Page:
INDIANAPOLIS (WISH) - The search for a solution to a difficult dilemma in downtown Indianapolis had historic preservationists from across the country working together Tuesday. The issue: what to do with the old city hall building.
It sits in the heart of east downtown at the corner of Alabama and Ohio streets. But it's been mostly empty since 2007.
The cornerstone of the old city hall was laid in 1909. One hundred four years later, it's the building's once-in-a-lifetime marble and limestone interior that has the city searching for a way to make it useful again. Some 90 historic preservation experts in town for their national convention spent the day inside the building, brainstorming for future affordable uses.
"Oh I'm awestruck by the beauty of the building. They simply don't design and build them like this anymore,” said Kathy Kottaridis, from Historic Boston Inc. "I wonder if there's a market for luxury condos here for people who want to be in the core of the city and take advantage of all that's right here.”
Originally a city hall, the building has also been home to the Indiana State Museum and the Marion County Public Library. Since 2007, it's been used only for special events, including an art exhibit during Super Bowl XLVI.
"So our goal here is to not only have a good idea, but an idea that is fundable and sustainable and could bring money to the table," said Marsh Davis, president of Indiana Historic Landmarks Foundation.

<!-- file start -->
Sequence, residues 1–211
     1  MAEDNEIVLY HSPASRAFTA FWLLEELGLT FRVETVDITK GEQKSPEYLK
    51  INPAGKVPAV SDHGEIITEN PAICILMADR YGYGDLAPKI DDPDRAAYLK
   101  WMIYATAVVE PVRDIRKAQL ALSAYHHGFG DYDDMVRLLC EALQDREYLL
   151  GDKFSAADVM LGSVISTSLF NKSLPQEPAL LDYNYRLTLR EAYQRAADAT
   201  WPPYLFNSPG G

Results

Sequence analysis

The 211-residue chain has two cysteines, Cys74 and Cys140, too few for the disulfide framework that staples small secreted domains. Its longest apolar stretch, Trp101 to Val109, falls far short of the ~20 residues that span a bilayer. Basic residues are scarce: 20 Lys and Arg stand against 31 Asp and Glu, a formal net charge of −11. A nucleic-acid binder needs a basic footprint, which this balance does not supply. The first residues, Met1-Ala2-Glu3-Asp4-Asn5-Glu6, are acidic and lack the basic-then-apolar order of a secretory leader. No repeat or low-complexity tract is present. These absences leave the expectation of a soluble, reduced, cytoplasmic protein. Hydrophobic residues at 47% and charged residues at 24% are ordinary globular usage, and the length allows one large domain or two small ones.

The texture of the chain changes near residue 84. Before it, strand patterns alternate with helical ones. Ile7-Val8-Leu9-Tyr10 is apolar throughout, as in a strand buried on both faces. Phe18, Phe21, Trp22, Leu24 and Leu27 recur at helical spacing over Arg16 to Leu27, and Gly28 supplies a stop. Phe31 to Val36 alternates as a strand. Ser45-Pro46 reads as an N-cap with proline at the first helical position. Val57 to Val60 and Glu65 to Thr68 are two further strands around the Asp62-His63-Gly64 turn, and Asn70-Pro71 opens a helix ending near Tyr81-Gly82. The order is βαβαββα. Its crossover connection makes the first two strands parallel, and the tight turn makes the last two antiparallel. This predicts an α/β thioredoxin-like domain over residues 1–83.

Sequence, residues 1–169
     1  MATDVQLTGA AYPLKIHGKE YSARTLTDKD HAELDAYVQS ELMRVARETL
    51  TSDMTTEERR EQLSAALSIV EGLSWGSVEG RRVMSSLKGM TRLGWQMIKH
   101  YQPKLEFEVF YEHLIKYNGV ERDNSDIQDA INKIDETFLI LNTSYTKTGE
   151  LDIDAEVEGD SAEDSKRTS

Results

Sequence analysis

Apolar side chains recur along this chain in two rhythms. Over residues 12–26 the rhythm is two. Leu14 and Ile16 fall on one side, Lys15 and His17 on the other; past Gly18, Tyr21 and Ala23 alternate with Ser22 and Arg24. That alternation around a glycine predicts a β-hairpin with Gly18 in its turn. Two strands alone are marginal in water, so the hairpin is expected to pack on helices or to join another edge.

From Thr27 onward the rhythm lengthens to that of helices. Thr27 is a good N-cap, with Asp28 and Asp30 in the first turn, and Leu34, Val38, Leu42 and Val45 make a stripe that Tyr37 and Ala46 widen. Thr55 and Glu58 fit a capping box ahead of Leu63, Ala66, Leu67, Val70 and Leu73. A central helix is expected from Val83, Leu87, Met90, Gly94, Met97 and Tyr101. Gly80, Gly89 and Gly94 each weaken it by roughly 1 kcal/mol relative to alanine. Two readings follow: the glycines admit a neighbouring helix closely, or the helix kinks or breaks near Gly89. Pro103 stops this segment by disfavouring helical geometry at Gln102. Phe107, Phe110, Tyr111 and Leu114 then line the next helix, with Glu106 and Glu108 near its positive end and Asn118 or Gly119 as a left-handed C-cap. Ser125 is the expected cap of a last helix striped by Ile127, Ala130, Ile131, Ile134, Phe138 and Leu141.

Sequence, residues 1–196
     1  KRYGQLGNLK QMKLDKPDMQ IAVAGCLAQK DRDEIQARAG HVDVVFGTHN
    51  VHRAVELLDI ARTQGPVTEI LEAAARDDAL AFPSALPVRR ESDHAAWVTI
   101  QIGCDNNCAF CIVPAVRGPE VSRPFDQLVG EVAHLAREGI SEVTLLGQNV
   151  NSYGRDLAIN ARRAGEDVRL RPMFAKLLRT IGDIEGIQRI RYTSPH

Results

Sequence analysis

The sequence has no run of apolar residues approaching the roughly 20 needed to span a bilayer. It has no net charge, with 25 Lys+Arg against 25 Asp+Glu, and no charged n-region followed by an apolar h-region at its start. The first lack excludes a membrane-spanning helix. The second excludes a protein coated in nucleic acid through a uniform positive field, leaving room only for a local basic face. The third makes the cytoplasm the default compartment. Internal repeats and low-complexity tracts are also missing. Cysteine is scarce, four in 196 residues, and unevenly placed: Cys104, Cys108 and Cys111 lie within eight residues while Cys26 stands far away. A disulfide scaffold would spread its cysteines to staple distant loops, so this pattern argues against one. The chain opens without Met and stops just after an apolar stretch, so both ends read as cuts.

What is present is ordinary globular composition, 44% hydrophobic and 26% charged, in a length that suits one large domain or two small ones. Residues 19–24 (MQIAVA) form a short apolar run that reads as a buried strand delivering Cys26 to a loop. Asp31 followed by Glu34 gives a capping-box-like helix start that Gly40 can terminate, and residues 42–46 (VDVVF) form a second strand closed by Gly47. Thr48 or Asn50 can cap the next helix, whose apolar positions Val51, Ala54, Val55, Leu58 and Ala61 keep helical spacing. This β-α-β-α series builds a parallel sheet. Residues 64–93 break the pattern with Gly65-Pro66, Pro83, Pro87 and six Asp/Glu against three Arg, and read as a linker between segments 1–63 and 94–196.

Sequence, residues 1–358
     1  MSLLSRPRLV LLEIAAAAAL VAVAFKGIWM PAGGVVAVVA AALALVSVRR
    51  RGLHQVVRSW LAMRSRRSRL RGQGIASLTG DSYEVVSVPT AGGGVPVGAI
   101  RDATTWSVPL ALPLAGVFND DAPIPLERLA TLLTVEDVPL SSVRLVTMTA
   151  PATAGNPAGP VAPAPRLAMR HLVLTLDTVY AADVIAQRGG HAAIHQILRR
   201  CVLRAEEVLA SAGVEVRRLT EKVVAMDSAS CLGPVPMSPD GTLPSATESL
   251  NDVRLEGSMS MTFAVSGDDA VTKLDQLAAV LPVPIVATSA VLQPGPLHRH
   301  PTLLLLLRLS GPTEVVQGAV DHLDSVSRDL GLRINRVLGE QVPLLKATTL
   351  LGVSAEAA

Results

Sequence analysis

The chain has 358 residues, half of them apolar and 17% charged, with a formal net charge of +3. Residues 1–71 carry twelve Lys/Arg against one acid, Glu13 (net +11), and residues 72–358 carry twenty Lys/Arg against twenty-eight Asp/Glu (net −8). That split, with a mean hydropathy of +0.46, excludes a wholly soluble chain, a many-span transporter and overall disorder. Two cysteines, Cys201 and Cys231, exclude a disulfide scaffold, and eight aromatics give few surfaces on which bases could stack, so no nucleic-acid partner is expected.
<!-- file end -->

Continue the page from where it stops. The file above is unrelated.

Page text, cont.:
Until then, in January, Indianapolis will move the plan division of the Department of Metropolitan Development to the first floor of the building. It’s a move that will help showcase the city and the building.
Paul Smith, real estate manager for the city of Indianapolis, said it shows prospective companies what’s going on in Indianapolis and what the future may look like.
"All of that is going to be in one place, right here for the first time that I'm aware of, in the city's history," Smith said.
It will keep the building up and running, until its future can be figured out.
"Not a quick fix solution even if the money is there. But something that would be a sustainable use for years to come for the city," said Davis, of the Historic Landmarks Foundation.
The building is in relatively good shape. But said it would cost millions to do a complete renovation. Surveys have indicated people would like to see it become a government building again. But finding the money to do that, he said, would be difficult.
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